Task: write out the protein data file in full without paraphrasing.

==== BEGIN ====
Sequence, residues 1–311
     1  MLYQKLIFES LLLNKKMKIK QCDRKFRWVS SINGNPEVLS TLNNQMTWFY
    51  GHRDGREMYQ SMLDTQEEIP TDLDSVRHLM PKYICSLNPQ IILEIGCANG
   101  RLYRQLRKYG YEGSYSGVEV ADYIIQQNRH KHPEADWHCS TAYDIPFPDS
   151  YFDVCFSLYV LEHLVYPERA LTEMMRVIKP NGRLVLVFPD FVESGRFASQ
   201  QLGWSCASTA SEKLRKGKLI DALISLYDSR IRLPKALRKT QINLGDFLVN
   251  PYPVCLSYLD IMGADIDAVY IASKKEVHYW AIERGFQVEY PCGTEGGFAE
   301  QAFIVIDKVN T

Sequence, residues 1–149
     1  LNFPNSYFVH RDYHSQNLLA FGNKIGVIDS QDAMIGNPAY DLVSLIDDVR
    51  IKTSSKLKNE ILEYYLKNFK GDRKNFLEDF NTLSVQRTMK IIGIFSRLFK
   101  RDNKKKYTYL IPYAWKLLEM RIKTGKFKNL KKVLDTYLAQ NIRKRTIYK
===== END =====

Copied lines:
Sequence, residues 1–311
     1  MLYQKLIFES LLLNKKMKIK QCDRKFRWVS SINGNPEVLS TLNNQMTWFY
    51  GHRDGREMYQ SMLDTQEEIP TDLDSVRHLM PKYICSLNPQ IILEIGCANG
   101  RLYRQLRKYG YEGSYSGVEV ADYIIQQNRH KHPEADWHCS TAYDIPFPDS
   151  YFDVCFSLYV LEHLVYPERA LTEMMRVIKP NGRLVLVFPD FVESGRFASQ
   201  QLGWSCASTA SEKLRKGKLI DALISLYDSR IRLPKALRKT QINLGDFLVN
   251  PYPVCLSYLD IMGADIDAVY IASKKEVHYW AIERGFQVEY PCGTEGGFAE
   301  QAFIVIDKVN T

Sequence, residues 1–149
     1  LNFPNSYFVH RDYHSQNLLA FGNKIGVIDS QDAMIGNPAY DLVSLIDDVR
    51  IKTSSKLKNE ILEYYLKNFK GDRKNFLEDF NTLSVQRTMK IIGIFSRLFK
   101  RDNKKKYTYL IPYAWKLLEM RIKTGKFKNL KKVLDTYLAQ NIRKRTIYK